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Non-refundable hotel rates and advance bookings are returning

Growing consumer confidence and marketing campaigns are behind the shift

Data and anecdotal evidence from a cross-section of companies in the accommodation distribution ecosystem have identified that hotel booking policies are becoming less flexible.

Industry experts believe this to be the result of changing consumer beliefs – travellers are now more confident they can complete their journeys without restrictions – and because hoteliers are getting better at marketing non-refundable rooms and advanced bookings.

In the pandemic shift, hoteliers were forced to make bookings refundable in order to secure sales in a skittish market. When occupancy rates were low, this strategy worked, as availability was consistently high. Now occupancy is increasing again, fully booked hotels are turning down business while leaving themselves at risk of losing money if customers with refundable bookings cancel at the last minute.

Unless hoteliers collectively start to push non-refundable bookings, there’s a risk hotel rooms could be left empty

Global bed bank Dida Travel serves more than 23,000 B2B clients, including travel agents and tour operators. Speaking about the policy changes, Dida Travel founder and CEO, Rikin Wu says: “We are seeing two very important trends emerge this year that might have been unthinkable until only recently: firstly, non-refundable rates are making a comeback, and, secondly, travellers are starting to book further in advance again.

“In the January to May 2019 period, non-refundable [bookings] were making up around 59% of our sales, but that fell to just 26% in 2021. This year, so far, we’re seeing that figure at 32% and expect it to steadily grow.

“All of this is a strong reflection of the consumer desire to travel and their confidence that they can fulfil a journey, based on feedback from our B2B-buying clients, such as travel agents and tour operators.”

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Wu also points out that some credit must go to hoteliers for putting together compelling deals and pricing to entice the traveller back again.

“[Hoteliers] are keen to see non-refundable rates return to pre-Covid levels and we are seeing them pushing hard for this,” he says.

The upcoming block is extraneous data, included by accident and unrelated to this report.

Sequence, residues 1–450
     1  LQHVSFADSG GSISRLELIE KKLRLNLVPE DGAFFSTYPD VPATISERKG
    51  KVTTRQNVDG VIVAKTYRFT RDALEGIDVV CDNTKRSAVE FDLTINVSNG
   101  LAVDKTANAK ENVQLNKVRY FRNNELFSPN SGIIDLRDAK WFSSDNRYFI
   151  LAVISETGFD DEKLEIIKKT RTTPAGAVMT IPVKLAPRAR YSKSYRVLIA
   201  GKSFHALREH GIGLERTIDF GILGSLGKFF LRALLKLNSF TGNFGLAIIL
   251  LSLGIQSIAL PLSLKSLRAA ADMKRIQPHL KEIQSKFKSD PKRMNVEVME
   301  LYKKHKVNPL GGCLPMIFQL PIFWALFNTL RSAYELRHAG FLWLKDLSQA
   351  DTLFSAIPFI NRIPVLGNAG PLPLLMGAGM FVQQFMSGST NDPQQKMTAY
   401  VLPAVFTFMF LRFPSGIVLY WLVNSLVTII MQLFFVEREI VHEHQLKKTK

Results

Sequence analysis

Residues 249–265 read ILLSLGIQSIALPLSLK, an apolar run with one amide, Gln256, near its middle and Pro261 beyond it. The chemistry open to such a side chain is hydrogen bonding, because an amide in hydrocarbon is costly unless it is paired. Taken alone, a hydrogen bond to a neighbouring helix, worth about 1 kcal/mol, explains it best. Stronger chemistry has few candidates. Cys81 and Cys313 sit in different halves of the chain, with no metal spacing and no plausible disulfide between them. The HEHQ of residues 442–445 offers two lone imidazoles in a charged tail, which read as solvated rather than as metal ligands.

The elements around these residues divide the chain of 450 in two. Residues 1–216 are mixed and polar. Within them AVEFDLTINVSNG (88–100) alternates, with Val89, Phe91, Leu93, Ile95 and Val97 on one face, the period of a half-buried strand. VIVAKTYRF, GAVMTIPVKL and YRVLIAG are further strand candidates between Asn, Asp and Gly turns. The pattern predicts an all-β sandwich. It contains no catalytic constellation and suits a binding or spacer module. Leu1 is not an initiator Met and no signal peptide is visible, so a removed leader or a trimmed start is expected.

Weighing in on the topic, Ernesto Sigg, founder and partner at Fitbooktravel, a consultancy specialising in hotel accommodation distribution, agrees: “Evidently there has always been demand on the hotelier side to return to non-refundable rates as soon as possible, but from the B2B distribution side of things – the bed banks, wholesalers, business-to-agent platforms, re-sellers, channel managers and connectivity tech suppliers – there is some reluctance to do this.”

Sigg believes this is because many still have unresolved disputes as to who will foot the bill for the 2020 no-shows on non-refundable rates.

“The OTAs and tour operators are claiming force majeure, so they don’t want to risk getting back into further disputes and potential liabilities – taking on that risk is definitely not in their [business] model,” explains Sigg. 

“From a tech perspective there’s also some challenges, too. Switching off non-refundable [bookings] was tricky, but [technicians] eventually worked out how to do it. After two years of software patches, upgrades, mergers and acquisitions resulting in transferring to new systems, integrations of new partners and new CIOs, switching this back won’t be easy.”

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Spencer Hanlon, head of Travel at Nium, a payments technology provider helping OTAs, airlines and hotels with B2B payments, warns that cancellations and refunds aren’t just the concern of hoteliers. 

“Let’s keep in mind that cancellations aren’t just a problem for a hotel because they don’t get paid or have to find another guest at short notice,” he says. “In fact, the whole refunding and updating their inventory challenge is a back-office pain that one-way-or-another costs them money and reduces certainty. However, we are now seeing the lowest levels of cancellations since Covid started. There were months in 2021 when that rate went over 40%, but this year it has been steadily declining and is now at just 2% – that’s comparable to 2019.

Fabian Gonzalez, founder and organiser of Forward_MAD, a luxury tourism conference that takes place in Madrid each year, believes that the luxury sector carries the greatest risk. 

“Luxury hoteliers everywhere are starting to push non-refundable rates with deals and promotions as they would like to see the percentage return to pre-Covid levels,” says Gonzalez.

In the luxury space, travellers really can change plans quickly, leaving full-booked hotels suddenly fully empty for no given reason, warns Gonzalez

Gonzalez adds: “The challenge now is to minimise the impact of free cancellation policies 24 hours prior to arrival. This is going to be a difficult challenge, however, as luxury travellers have become used to refundable and pay-on-arrival rates and even ‘pay on demand’ services for everything including transport.

“We expect to see an increase in ABS (Attribute Based Selling) strategies – a mixture of pricing and exclusivity incentives is probably the way to go. For example, at a hotel, there’s only one ‘Presidential Suite’ and if you don’t guarantee the hotel that you’ll pay, they shouldn’t guarantee you’ll get it!”

The great refundable room debate, says Gonzalez, will be the hot topic on the agenda at the upcoming Forward_MAD conference, taking place from 5 to 7 October 2022.

For more information, visit www.didatravel.com, www.fitbooktravel.com, www.nium.com, www.forward.travel and www.forward.travel/forward_mad

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